• Small format
  • Hotels
  • Large format

The ripple effect

It is not just the airlines, hotels and car-hire companies that are affected by border closures and unfavourable market conditions. There are a lot of businesses relying on the same consumers, and their need for investment support is often overlooked. If you have a stake in this interconnected industry, consider the value-preservation levers shown below, which could help your company survive and recover.

  • Cruise lines
  • Tour operators
  • Hotels
  • Travel/online agents
  • Airlines
  • Logistics operators
  • Car hire companies
  • Car parks
  • Airport lounges
  • Visa processors
  • Leisure attractions
  • Airports
  • Retail
  • VAT-reclaim companies
  • Hospitality
  • Conferences & events

How can you create value amid disruption? Use a value bridge.

For companies surrounded by economic uncertainty mixed with a competitive surge of deals worldwide, creating value is a real challenge. A value bridge can be used to identify actions that can prevent value loss and preserve value in times of disruption, while also strengthening your company's competitive positioning to help it come out ahead.

Learn more about Value Creation

Value levers

Enterprise value

Value Creation

Full potential value

What levers can you pull to preserve value?

Matching portfolio to demand

As travel markets adapt to a ‘new normal,’ a robust portfolio review is necessary in order to optimise operations, sharpen focus on core activities, and consider divestment or retrenchment in others. For those companies with funding, it may be the right time to pick up distressed assets.

Greener growth

Ensuring that Travel & Tourism has a positive impact on the natural environment is a complex and growing priority in the industry. Amid developing regulatory requirements and an increasing focus on sustainability by consumers, setting ESG (environmental, social and governance) targets and building the capabilities to track and report performance are important—and often overlooked—value levers.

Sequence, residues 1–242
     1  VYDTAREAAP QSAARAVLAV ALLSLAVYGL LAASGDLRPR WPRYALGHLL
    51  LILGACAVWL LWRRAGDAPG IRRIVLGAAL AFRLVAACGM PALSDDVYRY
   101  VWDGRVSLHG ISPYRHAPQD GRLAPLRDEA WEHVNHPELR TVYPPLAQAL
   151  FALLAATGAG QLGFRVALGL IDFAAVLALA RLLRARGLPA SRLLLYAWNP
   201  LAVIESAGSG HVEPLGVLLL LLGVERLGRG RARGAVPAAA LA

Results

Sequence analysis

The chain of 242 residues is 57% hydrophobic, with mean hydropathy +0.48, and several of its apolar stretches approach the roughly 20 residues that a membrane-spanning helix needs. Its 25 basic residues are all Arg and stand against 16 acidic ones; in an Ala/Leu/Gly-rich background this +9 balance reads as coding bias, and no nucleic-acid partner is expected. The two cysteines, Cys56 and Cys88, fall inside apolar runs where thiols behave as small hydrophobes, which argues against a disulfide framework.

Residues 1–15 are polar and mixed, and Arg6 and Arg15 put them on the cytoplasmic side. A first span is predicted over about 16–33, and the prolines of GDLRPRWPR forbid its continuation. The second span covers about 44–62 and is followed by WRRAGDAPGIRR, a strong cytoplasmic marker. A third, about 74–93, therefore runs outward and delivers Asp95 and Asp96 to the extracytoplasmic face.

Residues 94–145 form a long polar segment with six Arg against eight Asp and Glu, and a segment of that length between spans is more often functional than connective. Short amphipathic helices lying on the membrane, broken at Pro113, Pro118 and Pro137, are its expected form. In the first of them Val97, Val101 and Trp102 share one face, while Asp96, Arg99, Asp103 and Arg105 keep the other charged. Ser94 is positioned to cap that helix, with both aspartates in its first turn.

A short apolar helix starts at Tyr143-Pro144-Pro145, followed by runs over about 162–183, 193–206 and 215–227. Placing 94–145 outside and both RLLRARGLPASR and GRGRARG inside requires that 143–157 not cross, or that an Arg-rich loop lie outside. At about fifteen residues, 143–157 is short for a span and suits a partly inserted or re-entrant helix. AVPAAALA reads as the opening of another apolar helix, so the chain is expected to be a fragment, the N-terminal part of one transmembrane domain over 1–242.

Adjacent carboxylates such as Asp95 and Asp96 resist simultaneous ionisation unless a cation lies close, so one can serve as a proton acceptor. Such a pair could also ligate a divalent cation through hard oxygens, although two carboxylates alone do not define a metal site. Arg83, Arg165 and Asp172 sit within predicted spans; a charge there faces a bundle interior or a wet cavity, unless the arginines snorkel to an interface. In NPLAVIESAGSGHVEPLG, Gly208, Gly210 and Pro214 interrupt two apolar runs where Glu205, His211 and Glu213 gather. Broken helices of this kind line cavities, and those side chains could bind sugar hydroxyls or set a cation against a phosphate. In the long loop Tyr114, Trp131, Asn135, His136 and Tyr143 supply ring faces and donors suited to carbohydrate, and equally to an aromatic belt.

Managing cash flow

A laser-like focus on liquidity must continue, and that includes making the most of your working capital. As travel bookings return, securing financing to fund growth should also be a priority. In current market conditions, this may call for additional debt, equity investments or strategic disposals.

Being agile in turbulent times

In travel markets that are increasingly defined by new rules and disruption, it is imperative to understand where customers are migrating and build your organisation’s reactivity to short shifts in demand. Robust data-driven reporting will enable a fast response to changes and prevent profit leakage.

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Contact us

David Trunkfield

David Trunkfield

Partner, PwC United Kingdom

Eleanor Scott

Eleanor Scott

Director, Strategy& Travel & Leisure, PwC United Kingdom

Tel: +44 (0)7748 965165

Heather  Swanston

Heather Swanston

Global Business Restructuring Services Leader, Partner, PwC Japan